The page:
Monday, 23 July 2012

Purple Emperor visit

Super weekend in Hertfordshire at a friend's wedding, which began with 3 Red Kites cavorting overhead as we enjoyed champagne and canopes on the lawn, and ended with crippling views of a near-mythical Butterfly species.
I had read somewhere (probably Birdforum) that there was a site in Northamptonshire were Purple Emperors were clinging on, but upon looking this up it turns out the wood in question was not really on the way home. However, my search turned up another site that was certainly within reach and so at 11am this morning I arrived at Broxbourne Woods to blow the cobwebs away after a night of dancing, eating and drinking with great company. 
There were certainly Butterflies on the wing, in numbers not seen so far this year. Small Copper, Meadow Brown, Gatekeeper, Red Admiral and Ringlet were all nice to see. A possible Silver-washed Frit powered through, lost to view. Despite the heat, there were some birds for company too. Crossbills called overhead, Nuthatch, Coal Tit and surprisingly a Ke-wicking Tawny Owl. 
Nearing the end of my circuit, I came across an open area and a friendly warden approached me and we began to discuss what was about. Before I could begin a species list, a large Butterfly flew up from beneath us. "Ah, Purple Emperor!" he exclaimed. I couldn't believe it. Apparently, this individual often rests up on the fence that borders the track, and feeds on the horse muck. I waited for his return, with another forest ranger who was passing. No luck. Still, I had been lucky to at least see one.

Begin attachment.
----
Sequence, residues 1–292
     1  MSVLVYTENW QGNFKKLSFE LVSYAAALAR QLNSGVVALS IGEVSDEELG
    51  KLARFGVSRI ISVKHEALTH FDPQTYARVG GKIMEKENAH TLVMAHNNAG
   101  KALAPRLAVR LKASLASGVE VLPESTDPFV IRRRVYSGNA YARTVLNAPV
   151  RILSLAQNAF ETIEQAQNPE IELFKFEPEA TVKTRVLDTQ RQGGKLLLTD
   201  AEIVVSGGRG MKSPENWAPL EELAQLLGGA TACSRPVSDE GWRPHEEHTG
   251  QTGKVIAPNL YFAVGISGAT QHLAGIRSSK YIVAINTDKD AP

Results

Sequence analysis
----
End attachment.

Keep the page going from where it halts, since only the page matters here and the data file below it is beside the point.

Walking back to the car in a shaded area, a Butterfly flew low across the track. Initially, I thought it was a White Admiral. Nope, this thing was huge. Take a look at these:

The purple sheen not really on show in these photos, although in the field when the light caught the wings this insect looked magnificent. I know I got lucky today. A real privilege and a wildlife memory to savour.


  1. A real cracker, well done Jim!

  2. Congratulations on not only seeing but photographing the Purple Emperors. There's a good bit in The Butterfly Isles about looking for them, I think they are referred to as "His Imperial Majesty" or something like that!

  3. Thanks for your comments guys.
    That is a book I am meaning to read James, Deb's mum has a copy so it will get read this Summer. Really enjoying tracking down Butterflies and Dragonflies this year, a lot to be learnt and I am amazed at how behaviour differs, say when comparing a Grayling to an Admiral or a Chaser to a Hawker. Great stuff.